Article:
Elevating the Human Wellness Design Factor

Most people think that a high-performance building is one that only protects the environment. The fact is that a high-performance building also enhances the lives of the people who occupy them. This paradigm shift has resulted in a focus on incorporating wellness design into high-performance buildings, with continuous monitoring and measurement of human impacts. 

Designing for Wellness

Healthy buildings mean healthy people. On average, we spend 90% of our time indoors, so we need to design for people’s physical and mental well-being. Healthy buildings lead to increased cognitive function, higher productivity and better overall health. Generally, the elements of wellness design focus on:

  • Air Quality – Designing better ventilation, diluting contaminants, extracting pollutants, accounting for combustion, controlling humidity
  • Lighting – Providing access to daylight, considering circadian rhythms, employing lighting controls
  • Thermal Comfort – Considering thermal comfort in varying conditions, controlling for air temperature, radiant temperature of enclosure systems, humidity, and air movement; all of which impact individual comfort levels
  • Water – Strategic placement of drinking water, proper filtration, energy efficient and low carbon heating of domestic hot water
  • Sound – Setting noise reduction and sound transmission targets, using sound-absorbing materials
  • Biophilia – Connecting to nature, including indoor green spaces, considering space and place conditions
  • Exercise – Encouraging using the stairs, designing for vertical accessibility, providing fitness spaces
  • Mood – Creating meditation spaces, getting user feedback on mood, providing for individual comfort and happiness

Bringing together every element of wellness design requires a deep knowledge of the project, collaboration with the owner, constructor, users and other partners, as well as consistent, ongoing user feedback. 

Considering a Wellness Certification

There are multiple healthy building certifications that owners may consider in the early stages of a project including:

  • WELL – Framework for improving the health and human experience of building users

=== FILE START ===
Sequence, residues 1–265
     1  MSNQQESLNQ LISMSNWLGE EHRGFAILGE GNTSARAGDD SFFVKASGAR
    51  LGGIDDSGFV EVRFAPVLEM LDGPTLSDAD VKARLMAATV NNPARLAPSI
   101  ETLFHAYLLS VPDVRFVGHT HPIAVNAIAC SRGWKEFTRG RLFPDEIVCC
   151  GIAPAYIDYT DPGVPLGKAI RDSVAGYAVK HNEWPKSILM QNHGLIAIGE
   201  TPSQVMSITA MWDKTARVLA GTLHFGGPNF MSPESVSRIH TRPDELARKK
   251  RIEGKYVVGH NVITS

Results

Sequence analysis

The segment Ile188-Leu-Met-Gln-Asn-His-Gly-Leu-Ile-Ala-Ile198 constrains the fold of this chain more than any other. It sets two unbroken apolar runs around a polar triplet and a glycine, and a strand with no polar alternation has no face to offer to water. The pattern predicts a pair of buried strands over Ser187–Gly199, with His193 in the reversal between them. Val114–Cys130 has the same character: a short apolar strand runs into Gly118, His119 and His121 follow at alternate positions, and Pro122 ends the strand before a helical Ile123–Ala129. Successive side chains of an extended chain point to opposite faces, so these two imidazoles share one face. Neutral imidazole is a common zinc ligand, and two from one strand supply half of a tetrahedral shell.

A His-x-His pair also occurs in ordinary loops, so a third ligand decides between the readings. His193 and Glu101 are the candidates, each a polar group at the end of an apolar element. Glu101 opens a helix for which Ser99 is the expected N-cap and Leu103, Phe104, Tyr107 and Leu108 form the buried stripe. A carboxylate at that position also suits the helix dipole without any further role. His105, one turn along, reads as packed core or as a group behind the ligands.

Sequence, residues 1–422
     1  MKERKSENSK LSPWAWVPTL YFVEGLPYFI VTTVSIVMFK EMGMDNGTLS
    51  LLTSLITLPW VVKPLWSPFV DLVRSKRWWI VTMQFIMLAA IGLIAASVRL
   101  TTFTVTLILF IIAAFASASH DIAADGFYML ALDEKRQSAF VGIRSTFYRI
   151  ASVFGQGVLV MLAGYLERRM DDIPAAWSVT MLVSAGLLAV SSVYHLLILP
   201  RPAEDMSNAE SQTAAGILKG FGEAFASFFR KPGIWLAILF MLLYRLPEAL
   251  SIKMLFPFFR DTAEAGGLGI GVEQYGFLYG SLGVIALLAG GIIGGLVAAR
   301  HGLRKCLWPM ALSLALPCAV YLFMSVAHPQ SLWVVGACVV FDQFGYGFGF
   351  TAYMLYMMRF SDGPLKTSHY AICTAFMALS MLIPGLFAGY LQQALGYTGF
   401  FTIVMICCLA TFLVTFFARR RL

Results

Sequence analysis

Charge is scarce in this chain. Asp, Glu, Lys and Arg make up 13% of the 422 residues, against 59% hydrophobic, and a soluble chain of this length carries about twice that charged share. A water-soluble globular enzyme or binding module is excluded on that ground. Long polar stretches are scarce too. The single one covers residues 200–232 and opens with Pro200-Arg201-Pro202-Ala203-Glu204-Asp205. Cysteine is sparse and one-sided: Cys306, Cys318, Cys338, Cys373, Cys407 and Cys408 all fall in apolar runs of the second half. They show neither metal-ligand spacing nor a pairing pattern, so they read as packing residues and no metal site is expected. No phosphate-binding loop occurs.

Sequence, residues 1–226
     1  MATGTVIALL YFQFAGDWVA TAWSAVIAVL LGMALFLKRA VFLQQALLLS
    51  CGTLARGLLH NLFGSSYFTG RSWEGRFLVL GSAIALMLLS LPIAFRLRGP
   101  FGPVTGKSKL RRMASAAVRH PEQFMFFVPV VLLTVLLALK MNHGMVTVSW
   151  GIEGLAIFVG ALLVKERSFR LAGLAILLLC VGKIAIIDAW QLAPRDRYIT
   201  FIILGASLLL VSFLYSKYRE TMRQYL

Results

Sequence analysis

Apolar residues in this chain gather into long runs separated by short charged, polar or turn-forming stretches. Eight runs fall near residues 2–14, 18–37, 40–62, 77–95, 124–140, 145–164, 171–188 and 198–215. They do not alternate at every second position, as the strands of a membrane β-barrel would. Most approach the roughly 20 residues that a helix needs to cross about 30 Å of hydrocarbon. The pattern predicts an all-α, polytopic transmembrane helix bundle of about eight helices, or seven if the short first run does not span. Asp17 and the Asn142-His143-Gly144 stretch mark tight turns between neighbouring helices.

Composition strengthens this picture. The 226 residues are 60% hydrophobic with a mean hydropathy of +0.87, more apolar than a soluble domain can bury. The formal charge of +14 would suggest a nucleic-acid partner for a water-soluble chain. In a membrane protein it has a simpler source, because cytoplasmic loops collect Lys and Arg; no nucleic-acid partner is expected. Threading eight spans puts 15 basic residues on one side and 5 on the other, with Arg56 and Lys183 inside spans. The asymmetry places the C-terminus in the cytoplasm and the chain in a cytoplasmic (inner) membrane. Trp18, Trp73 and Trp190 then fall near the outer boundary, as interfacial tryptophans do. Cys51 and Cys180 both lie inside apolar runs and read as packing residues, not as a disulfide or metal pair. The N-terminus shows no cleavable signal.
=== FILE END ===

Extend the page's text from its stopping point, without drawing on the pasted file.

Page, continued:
• FitWel – Verified criteria approach to seven health-impact categories to improve user health and comfort
  • LEED® IAQ: Building flush outs and air quality testing prior to occupancy within the LEED® standard

Investigating whether one of these certifications can be strategic for funding or attracting a certain type of tenant is a first step in the decision process. It is important to establish a clear plan at the outset of the project in collaboration with the architects and engineers if a specific certification is desired. This will ensure that the project is designed to meet all performance requirements for certification and recertification in subsequent years.

Using Technology to Measure Wellness

 Data is critical to understanding the impacts of wellness design. Using technology to improve and track the health of a building and its users is the next step in creating long-term healthy environments. The mix of technologies may include:

  • 3D Modeling software to map integrated systems
  • IoT Sensors to help monitor changes in critical elements of healthy buildings such as temperature, pressure, light, vibration and sounds
  • Smart HVAC systems, HEPA Filters, MERV 13 Filters help improve air quality and remove airborne diseases
  • Touchless technology such as sensors for doors, elevators, remote access, hands-free systems

Humans spend 90% of their lives indoors. Designing with wellness as part of a holistic approach is an investment that benefits the physical and mental well-being of the users who occupy the space. To truly design holistically, architects, interior designers and engineers must design a building that delivers human comfort and wellness – on balance with functionality, aesthetics, accessibility and sustainability

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